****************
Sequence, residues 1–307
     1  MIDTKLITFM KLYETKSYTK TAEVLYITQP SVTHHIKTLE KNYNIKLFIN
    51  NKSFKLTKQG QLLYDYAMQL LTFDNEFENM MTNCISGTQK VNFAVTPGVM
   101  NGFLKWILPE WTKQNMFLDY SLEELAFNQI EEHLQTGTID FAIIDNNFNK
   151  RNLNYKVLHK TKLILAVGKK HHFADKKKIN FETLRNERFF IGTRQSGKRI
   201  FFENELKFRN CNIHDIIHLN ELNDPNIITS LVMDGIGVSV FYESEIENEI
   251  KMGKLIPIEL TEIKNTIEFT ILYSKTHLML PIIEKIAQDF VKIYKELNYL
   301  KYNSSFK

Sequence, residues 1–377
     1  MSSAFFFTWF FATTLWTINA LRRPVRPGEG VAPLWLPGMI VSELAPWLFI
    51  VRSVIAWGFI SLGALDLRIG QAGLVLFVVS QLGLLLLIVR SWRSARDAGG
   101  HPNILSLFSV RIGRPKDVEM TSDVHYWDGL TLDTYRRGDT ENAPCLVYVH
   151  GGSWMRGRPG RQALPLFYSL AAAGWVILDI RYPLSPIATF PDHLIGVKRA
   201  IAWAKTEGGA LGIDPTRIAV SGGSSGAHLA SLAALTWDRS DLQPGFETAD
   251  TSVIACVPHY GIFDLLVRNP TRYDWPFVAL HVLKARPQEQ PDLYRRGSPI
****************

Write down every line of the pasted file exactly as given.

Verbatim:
Sequence, residues 1–307
     1  MIDTKLITFM KLYETKSYTK TAEVLYITQP SVTHHIKTLE KNYNIKLFIN
    51  NKSFKLTKQG QLLYDYAMQL LTFDNEFENM MTNCISGTQK VNFAVTPGVM
   101  NGFLKWILPE WTKQNMFLDY SLEELAFNQI EEHLQTGTID FAIIDNNFNK
   151  RNLNYKVLHK TKLILAVGKK HHFADKKKIN FETLRNERFF IGTRQSGKRI
   201  FFENELKFRN CNIHDIIHLN ELNDPNIITS LVMDGIGVSV FYESEIENEI
   251  KMGKLIPIEL TEIKNTIEFT ILYSKTHLML PIIEKIAQDF VKIYKELNYL
   301  KYNSSFK

Sequence, residues 1–377
     1  MSSAFFFTWF FATTLWTINA LRRPVRPGEG VAPLWLPGMI VSELAPWLFI
    51  VRSVIAWGFI SLGALDLRIG QAGLVLFVVS QLGLLLLIVR SWRSARDAGG
   101  HPNILSLFSV RIGRPKDVEM TSDVHYWDGL TLDTYRRGDT ENAPCLVYVH
   151  GGSWMRGRPG RQALPLFYSL AAAGWVILDI RYPLSPIATF PDHLIGVKRA
   201  IAWAKTEGGA LGIDPTRIAV SGGSSGAHLA SLAALTWDRS DLQPGFETAD
   251  TSVIACVPHY GIFDLLVRNP TRYDWPFVAL HVLKARPQEQ PDLYRRGSPI